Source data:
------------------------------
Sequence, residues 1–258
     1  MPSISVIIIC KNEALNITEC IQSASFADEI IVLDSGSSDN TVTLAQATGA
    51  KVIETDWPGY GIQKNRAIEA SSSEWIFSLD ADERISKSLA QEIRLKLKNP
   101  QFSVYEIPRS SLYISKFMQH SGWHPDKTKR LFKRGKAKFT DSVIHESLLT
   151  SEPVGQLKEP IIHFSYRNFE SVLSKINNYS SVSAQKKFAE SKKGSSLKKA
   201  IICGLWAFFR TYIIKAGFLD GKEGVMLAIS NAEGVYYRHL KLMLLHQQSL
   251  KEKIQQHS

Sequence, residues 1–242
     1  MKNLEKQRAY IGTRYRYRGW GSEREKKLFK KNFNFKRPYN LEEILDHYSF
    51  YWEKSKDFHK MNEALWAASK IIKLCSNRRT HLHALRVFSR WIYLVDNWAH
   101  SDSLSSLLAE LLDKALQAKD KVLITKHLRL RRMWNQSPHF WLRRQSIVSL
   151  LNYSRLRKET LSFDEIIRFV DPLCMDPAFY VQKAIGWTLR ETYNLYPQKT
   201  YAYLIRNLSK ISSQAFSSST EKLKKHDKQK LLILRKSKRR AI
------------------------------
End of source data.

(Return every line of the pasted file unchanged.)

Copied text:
Sequence, residues 1–258
     1  MPSISVIIIC KNEALNITEC IQSASFADEI IVLDSGSSDN TVTLAQATGA
    51  KVIETDWPGY GIQKNRAIEA SSSEWIFSLD ADERISKSLA QEIRLKLKNP
   101  QFSVYEIPRS SLYISKFMQH SGWHPDKTKR LFKRGKAKFT DSVIHESLLT
   151  SEPVGQLKEP IIHFSYRNFE SVLSKINNYS SVSAQKKFAE SKKGSSLKKA
   201  IICGLWAFFR TYIIKAGFLD GKEGVMLAIS NAEGVYYRHL KLMLLHQQSL
   251  KEKIQQHS

Sequence, residues 1–242
     1  MKNLEKQRAY IGTRYRYRGW GSEREKKLFK KNFNFKRPYN LEEILDHYSF
    51  YWEKSKDFHK MNEALWAASK IIKLCSNRRT HLHALRVFSR WIYLVDNWAH
   101  SDSLSSLLAE LLDKALQAKD KVLITKHLRL RRMWNQSPHF WLRRQSIVSL
   151  LNYSRLRKET LSFDEIIRFV DPLCMDPAFY VQKAIGWTLR ETYNLYPQKT
   201  YAYLIRNLSK ISSQAFSSST EKLKKHDKQK LLILRKSKRR AI